Ghana is well endowed with gold deposits and is one of the most attractive business markets in West Africa. Ghana's wealth of resources, democratic political system and dynamic economy, makes it undoubtedly one of Africa's leading and stable economy, more conducive to do business than expected. Ghana's gold deposit is evident in the gold reserves which according to the US Geological Survey is estimated to be 50 million ounces (1,600 tons).

Ghana requires a particular method of setting up mineral purchasing and export company with a licence from the minerals commission to deal in gold trading and export.

The Minerals and Mining Act, 2006, as amended by the Minerals and Mining (Amendment) Act, 2015 (Act 900) provides succinctly, that a person shall not export or sell or otherwise dispose of a mineral unless that person holds a license granted by the Minister responsible for Mines and Natural Resources. A person here refers to a corporate entity established under the laws of the Republic of Ghana.

Therefore, any person be it a citizen or a foreigner who intends to engage in the purchase and export of minerals including gold must be granted a special licence by the Minerals Commission. To apply for the licence, a person must comply with the regulatory regime of these institutions in Ghana. These are

  • Registrar General's Department
  • Ghana Investment Promotion Center
  • Minerals Commission of Ghana

Aside from the above principal institutions, an incorporated entity must also be registered with the following;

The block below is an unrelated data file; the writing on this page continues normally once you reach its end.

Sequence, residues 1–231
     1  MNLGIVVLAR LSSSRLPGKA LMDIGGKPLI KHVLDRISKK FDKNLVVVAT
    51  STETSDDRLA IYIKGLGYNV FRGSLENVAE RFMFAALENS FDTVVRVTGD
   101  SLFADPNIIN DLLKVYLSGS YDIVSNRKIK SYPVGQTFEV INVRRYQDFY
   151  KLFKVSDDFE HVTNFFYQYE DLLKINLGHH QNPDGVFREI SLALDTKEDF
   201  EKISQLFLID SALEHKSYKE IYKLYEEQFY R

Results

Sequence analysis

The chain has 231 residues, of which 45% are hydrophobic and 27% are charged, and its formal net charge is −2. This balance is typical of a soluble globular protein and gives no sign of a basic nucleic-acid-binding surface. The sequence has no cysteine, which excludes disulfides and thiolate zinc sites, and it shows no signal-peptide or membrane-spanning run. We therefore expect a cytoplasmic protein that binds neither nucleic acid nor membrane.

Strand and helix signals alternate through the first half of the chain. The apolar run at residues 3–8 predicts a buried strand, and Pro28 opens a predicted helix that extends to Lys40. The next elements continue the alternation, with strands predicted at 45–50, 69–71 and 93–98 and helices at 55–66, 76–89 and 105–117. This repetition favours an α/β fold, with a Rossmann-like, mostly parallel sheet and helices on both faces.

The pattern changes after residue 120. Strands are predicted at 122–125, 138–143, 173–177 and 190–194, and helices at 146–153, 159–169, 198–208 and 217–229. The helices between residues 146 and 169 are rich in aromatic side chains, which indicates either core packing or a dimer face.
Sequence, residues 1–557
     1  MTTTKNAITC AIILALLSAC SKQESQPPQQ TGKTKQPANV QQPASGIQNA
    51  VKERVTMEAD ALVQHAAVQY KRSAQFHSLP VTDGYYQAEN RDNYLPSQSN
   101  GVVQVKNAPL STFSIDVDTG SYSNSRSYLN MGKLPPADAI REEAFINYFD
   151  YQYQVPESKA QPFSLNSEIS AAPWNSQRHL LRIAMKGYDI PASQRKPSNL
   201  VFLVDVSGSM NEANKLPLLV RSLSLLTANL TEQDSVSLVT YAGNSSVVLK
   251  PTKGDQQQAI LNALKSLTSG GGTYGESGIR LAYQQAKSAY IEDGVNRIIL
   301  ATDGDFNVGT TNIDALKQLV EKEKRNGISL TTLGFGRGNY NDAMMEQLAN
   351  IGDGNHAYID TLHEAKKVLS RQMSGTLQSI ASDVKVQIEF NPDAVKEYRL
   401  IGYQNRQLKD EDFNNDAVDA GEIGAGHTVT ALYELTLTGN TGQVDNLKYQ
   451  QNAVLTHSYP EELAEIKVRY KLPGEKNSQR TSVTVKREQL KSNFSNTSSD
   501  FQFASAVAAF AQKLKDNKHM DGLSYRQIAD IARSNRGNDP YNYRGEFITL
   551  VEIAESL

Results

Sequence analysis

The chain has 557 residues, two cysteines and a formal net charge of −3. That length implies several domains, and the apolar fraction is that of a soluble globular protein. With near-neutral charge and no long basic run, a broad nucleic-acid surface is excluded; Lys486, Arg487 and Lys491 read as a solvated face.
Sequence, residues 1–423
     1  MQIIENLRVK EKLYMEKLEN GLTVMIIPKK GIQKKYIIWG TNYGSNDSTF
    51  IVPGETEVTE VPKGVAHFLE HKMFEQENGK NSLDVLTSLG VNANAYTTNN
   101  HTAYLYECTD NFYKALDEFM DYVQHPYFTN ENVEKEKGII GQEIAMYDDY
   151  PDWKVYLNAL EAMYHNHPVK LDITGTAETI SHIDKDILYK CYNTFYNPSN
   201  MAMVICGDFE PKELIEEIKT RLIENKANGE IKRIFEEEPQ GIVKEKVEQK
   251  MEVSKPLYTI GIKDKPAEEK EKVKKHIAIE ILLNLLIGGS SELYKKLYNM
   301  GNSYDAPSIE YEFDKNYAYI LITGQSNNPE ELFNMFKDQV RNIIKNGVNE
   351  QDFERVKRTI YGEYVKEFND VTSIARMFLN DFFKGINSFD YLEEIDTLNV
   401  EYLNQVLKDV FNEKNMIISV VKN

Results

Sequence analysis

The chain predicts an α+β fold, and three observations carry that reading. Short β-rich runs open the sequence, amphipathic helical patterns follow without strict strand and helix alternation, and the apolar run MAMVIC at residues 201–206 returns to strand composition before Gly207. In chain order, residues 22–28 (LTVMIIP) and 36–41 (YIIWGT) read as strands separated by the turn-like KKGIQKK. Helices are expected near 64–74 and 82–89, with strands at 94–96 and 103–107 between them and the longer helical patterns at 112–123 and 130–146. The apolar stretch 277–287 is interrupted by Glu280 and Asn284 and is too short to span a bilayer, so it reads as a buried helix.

• Ghana Revenue Authority (GRA)

For the purposes of tax compliance in Ghana (That is payment of corporate tax, income tax and Pay As You Earn (PAYE).

  • Social Security and National Insurance Trust (SSNIT)

For the purposes of payment of contribution for workers employed under the entity. (It is a mandatory requirement for any entity operating in Ghana to meet social security contribution of workers)


In order to be licensed to buy and deal in minerals including gold, one of the conditions of the Minerals and Mining Act is, that the entity must be incorporated per the dictates of the Companies Act, 1963 (Act 177). This Act governs the organisation of Companies in Ghana.

Companies in Ghana may, either be public or private (not more than 50 members or debenture holders) and unlimited, limited by shares or limited by guarantees.

With regard to the Companies limited by shares, the Act sets down the following minimum requirements:

  • At least one shareholder is required
  • At least two Directors
  • An Auditor
  • Company Secretary
  • Completion and submission of Company registration documents including that of Regulations.

It must be emphasized, that license to engage in gold purchase and exportation is granted only to corporate bodies incorporated in Ghana under the laws of the Republic of Ghana.